Science for Citizens: how science meets regions and cities

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Wed 9, October 2019
14:30 - 16:00
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The workshop will present how citizens get involved in science and how researchers and policymakers are able together to design solutions for local policy challenges based on scientific evidence.

The aim is to help understand how to improve citizens’ lives and use research findings to address societal challenges.

The workshop will draw conclusions from success stories from EU regions, highlighting local solutions that focus on evidence-based policy-making, and examples of ‘Citizen science’ defining public participation in scientific research. Finally, it will discuss new ways of co-creation with multi-actors in regional R&I strategies.

This workshop aims first to explore and demonstrate the potential of engaging citizens and decision-makers with science to address the challenges European regions and cities are facing. It will give an overview of ‘citizen science’ and its contribution to science, society and evidence-based policy making and provide examples of successful projects. ‘EU-Citizen.Science’, funded by the European Commission, under the Horizon 2020 ‘Science with and for Society’ programme, aims to mainstream citizen science in Europe and present how cities and their citizens can already benefit from their outcomes.

We will also present the initiative 'Science meets Parliaments & Regions', which brings researchers and decision-makers together, and enhances the role of science in the policy-making process across fields at local, regional and European level. We will describe an innovative tool for co-creation of public policies involving the quadruple helix (government, academia, business and civil society) in order to produce sound solutions to local issues.

Finally, the workshop will showcase new ways of co-creation with multi-stakeholders in the process of developing Regional Research and Innovation strategies. SeeRRI, a project funded by the European Commission, focuses on establishing responsible research and innovation ecosystems by integrating Smart Specialisation Strategy and RRI. TeRRItoria tackles a double challenge by bringing RRI to the forefront of the debate for developing local and regional R&I capacities and using RRI as a springboard for stakeholder involvement in regional R&I strategies under the framework of Smart Specialisation Strategies.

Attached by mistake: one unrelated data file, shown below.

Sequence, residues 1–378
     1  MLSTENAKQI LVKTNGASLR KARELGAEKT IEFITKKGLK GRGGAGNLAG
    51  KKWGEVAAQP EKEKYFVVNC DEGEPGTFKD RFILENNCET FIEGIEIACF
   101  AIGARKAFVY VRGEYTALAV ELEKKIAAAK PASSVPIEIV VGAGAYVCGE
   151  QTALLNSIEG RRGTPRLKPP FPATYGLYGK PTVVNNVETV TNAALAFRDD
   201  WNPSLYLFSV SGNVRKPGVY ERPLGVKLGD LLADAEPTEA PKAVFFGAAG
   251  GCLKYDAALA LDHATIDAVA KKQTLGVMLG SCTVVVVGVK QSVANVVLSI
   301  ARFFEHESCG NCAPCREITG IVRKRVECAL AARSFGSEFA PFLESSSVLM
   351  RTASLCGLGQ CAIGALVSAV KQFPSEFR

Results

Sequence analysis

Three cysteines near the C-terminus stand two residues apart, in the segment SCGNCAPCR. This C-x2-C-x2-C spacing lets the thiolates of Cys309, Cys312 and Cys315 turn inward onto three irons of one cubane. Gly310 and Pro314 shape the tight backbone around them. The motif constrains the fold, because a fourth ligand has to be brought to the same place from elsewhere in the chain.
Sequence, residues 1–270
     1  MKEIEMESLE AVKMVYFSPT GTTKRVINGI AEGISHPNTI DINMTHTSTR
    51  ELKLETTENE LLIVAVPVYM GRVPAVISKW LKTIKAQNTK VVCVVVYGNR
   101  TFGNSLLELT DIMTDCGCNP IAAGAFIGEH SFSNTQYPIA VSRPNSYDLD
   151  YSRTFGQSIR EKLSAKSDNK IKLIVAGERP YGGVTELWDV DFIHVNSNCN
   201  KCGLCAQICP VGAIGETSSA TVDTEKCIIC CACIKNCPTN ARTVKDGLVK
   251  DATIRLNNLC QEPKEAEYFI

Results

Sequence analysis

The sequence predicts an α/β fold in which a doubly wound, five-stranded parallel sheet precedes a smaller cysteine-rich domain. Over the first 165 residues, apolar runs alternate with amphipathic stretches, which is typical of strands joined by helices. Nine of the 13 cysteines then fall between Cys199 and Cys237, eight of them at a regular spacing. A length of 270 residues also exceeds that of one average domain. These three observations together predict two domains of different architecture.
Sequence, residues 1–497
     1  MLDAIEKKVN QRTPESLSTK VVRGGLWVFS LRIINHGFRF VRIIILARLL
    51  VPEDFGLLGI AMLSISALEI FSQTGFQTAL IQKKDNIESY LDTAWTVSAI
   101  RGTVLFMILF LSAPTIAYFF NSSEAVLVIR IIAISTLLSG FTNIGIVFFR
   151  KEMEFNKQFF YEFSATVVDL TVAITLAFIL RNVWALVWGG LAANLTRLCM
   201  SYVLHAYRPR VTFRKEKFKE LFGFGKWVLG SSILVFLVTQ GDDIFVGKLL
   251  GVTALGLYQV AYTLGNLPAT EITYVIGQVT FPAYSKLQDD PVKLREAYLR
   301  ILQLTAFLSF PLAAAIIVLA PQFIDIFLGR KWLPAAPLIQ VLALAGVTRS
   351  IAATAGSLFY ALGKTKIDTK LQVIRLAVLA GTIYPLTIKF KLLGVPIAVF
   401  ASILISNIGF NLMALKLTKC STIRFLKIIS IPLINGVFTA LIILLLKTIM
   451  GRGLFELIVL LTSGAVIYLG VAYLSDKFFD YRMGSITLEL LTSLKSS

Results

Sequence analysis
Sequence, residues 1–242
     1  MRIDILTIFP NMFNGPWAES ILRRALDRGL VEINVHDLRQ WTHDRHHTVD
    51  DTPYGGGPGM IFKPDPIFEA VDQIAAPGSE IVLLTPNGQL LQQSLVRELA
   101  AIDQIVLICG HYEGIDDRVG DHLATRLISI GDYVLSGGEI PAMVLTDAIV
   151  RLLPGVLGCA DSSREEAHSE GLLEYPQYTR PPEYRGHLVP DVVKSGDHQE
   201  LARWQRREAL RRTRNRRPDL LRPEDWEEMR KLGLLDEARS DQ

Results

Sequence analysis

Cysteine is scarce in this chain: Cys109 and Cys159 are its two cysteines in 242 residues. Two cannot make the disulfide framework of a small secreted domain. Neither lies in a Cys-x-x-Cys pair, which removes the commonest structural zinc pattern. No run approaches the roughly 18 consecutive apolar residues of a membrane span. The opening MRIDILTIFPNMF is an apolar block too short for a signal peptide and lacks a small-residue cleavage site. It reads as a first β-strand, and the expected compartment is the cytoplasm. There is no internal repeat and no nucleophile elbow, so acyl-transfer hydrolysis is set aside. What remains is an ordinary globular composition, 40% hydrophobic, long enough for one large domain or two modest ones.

Time for debate with the audience will be scheduled during the second half of the session.

Marton Hajdu, Official, European Commission, Belgium.
Ildiko M. IPOLYI, Science officer, European Science Foundation, France.
Jakub Jackowski, Deputy Head of the Department of Economy, Marshal Office of the Wielkopolska Region in Poznań, Poland.
Marzia Mazzonetto, Project Manager, European Citizen Science Association, Germany.
Nhien Nguyen, Senior Researcher, Nordland Research Institute, Norway.
A Europe Closer to Citizen
European Commission - DG JRC, European Commission - REA, European Science Foundation, International Institute for Applied Systems Analysis, Wissenschaftsladen Bonn
english (en)
Building SQUARE - Brussels Convention Centre, Room 214+216.
Address: Mont des Arts, 1000 Brussels

Session summary

This session brought together projects from various backgrounds, with one crucial question in common: how to involve citizens as key stakeholders in evidence-based policy-making, in order to create ownership and carry out effective reform.